Music documentaries are center stage at this year’s Sheffield Doc/Fest with the launch of films including Neil Young-directed Milford Graves Full Mantis and Stuart Swezey’s Desolation Center, which opened with a live performance from Sonic Youth frontman Thurston Moore. It also emerged during the festival that The Fader’s Tyler The Creator-associated online music doc project Summer of ’17 is on the brink of becoming a linear series.
Vice UK’s Head of Music Alex Hoffman, who runs music channel Noisey, Rollo Jackson, the filmmaker behind Stormzy’s doc Gang Signs and Prayer, former Fader creative director Robert Semmer and Jacqui Edenbrow, Head of Video at arts organization Frieze, talked about the future of the format at Music Docs: New Forms and Platform at the Netflix Crucible Studio on Saturday afternoon.
Semmer, who is Head of Content at filmmaker agency Premier, said that platforms are starting to take more risks on experimental projects. He exec produced Summer of ’17, the Mikey Alfred-directed scripted doc series from Californian skateboard crew Illegal Civilization, which follows Jeffery, played by Ryder McLaughlin, as he tries to win over a summer crush and features cameos from rapper Tyler The Creator. Semmer said the project, which consists of five episodes of around 20 minutes, blurs the line between scripted and non-scripted in a “really interesting and weird way”. “I didn’t want to make a traditional documentary about skateboarding so I thought ‘what if we took their reality and put some shape around it,” he said. Semmer revealed that the team was now in negotiations to take the “abstract” project to a larger linear platform.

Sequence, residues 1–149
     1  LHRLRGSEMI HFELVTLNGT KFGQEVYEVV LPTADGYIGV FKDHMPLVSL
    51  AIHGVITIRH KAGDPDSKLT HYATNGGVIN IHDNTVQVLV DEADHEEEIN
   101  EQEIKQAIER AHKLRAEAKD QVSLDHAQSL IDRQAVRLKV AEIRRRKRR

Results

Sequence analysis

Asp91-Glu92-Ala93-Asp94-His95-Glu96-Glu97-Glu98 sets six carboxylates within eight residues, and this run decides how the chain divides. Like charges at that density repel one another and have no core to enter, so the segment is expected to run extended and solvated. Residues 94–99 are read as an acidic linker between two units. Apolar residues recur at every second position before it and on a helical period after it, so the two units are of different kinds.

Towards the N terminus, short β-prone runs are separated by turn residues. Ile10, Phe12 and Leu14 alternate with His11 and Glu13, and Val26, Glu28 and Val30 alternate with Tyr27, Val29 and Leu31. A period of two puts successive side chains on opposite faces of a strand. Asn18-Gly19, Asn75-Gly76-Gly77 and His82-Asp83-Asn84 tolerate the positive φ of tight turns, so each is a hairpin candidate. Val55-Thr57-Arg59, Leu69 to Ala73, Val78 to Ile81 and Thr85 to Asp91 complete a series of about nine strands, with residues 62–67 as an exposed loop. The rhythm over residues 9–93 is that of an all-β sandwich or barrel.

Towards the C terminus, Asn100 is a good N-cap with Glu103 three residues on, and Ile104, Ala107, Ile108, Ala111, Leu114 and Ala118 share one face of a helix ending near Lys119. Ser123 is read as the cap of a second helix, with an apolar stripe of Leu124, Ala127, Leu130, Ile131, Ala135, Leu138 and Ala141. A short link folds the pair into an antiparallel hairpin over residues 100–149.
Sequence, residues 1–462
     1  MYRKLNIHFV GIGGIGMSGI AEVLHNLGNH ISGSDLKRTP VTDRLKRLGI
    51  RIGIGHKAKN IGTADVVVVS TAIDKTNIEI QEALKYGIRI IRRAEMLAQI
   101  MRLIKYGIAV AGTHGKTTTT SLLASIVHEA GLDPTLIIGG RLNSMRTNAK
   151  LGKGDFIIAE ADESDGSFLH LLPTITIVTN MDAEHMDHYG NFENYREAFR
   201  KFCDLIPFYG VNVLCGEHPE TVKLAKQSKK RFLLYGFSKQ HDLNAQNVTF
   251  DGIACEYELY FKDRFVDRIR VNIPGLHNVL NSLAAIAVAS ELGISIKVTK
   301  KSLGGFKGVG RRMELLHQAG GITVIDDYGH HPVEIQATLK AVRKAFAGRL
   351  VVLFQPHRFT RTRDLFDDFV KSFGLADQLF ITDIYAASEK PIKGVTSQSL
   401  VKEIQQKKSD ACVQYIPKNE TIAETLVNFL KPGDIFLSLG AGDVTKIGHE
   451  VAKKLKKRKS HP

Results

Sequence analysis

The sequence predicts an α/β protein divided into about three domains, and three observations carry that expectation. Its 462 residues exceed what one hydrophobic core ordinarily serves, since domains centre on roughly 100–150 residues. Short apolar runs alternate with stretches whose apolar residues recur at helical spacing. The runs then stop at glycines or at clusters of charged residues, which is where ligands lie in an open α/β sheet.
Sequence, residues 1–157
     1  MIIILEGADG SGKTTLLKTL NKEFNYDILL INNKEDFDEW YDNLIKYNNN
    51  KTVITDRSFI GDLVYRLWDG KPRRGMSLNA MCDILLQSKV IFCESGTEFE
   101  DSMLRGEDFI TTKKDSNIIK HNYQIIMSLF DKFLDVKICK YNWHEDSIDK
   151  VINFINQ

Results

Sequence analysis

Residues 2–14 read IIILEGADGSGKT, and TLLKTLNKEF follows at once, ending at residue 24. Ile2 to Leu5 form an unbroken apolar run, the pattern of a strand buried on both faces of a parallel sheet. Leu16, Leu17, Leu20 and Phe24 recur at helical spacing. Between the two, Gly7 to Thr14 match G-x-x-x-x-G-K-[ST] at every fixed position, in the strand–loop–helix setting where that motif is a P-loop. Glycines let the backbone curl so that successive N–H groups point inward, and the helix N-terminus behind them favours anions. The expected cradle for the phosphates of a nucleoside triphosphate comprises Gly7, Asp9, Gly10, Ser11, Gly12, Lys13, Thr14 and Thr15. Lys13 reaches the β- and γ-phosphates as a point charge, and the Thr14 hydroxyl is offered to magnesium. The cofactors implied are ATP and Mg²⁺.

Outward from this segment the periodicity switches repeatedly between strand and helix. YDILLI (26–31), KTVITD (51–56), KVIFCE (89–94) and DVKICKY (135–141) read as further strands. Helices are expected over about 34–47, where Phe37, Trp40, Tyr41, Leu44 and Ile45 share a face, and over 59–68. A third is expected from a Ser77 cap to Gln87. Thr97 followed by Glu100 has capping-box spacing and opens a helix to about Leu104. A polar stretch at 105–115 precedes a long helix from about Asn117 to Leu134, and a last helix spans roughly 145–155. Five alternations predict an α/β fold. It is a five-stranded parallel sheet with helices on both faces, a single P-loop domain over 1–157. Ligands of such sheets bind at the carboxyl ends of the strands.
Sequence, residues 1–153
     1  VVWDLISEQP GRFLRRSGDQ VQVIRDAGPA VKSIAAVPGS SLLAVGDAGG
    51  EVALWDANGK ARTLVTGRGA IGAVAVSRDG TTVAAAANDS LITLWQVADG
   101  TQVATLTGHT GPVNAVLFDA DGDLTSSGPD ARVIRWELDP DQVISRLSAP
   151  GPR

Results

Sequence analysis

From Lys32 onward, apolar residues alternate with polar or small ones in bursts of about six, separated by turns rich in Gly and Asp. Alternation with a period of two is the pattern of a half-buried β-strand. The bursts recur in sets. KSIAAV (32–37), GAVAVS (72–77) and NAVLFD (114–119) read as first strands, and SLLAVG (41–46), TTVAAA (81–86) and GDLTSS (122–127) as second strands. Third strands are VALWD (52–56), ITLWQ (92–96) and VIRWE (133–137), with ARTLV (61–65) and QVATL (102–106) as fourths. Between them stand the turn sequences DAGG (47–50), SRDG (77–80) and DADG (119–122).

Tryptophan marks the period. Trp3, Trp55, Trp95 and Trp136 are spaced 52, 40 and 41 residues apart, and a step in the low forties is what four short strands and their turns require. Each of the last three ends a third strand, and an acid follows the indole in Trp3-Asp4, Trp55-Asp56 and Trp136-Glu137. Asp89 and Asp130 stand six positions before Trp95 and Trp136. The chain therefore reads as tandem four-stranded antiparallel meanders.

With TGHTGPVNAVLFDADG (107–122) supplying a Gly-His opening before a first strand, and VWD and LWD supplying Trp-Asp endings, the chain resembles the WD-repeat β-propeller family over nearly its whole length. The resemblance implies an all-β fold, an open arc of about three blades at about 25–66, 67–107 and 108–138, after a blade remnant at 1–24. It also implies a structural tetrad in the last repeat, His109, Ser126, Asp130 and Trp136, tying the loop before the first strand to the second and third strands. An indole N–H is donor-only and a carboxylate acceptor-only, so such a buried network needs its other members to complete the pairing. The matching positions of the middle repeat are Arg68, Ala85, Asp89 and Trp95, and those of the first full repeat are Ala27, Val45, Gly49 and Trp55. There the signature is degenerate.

The panel highlighted that an increasing number of music documentaries are being commissioned and funded by record labels. They highlighted films such as Pulse Films and BMG’s forthcoming biopic of grime artist Wiley, directed by Trespass Against Us’ Adam Smith, and Rudeboy: The Story of Trojan Records (w/t), which coincides with the 50th anniversary of the Toots and the Maytals record label.
However, Jackson said that following the success of HBO’s four-parter The Defiant Ones, which tells the story of Dr Dre and Interscope Records founder Jimmy Iovine, more and more platforms are searching for episodic documentaries rather than one-offs. In spite of this, Jackson just finished a one-off documentary about 50 Cent and Snoop Dogg producer Scott Scorch, who squandered around $30M in six months after a cocaine addiction, for music platform Vevo.
Hoffman, who recently commissioned Noisey Birmingham, fronted by The Streets’ Mike Skinner as he travels back to his hometown to talk to rising musicians, said it was a “golden age” for feature-length music documentaries.
This year’s festival includes a raft of premieres of music documentaries with some of the hot titles including Parallel Planes, about the U.S. DIY music scene featuring the likes of Fugazi’s Ian MacKaye, Silvana, a doc about the eponymous Swedish rapper, Finnish doc about retired punks Pertti Kurikan Nimipäivät and short film To The Front: Scenes From A Women’s Rock Camp.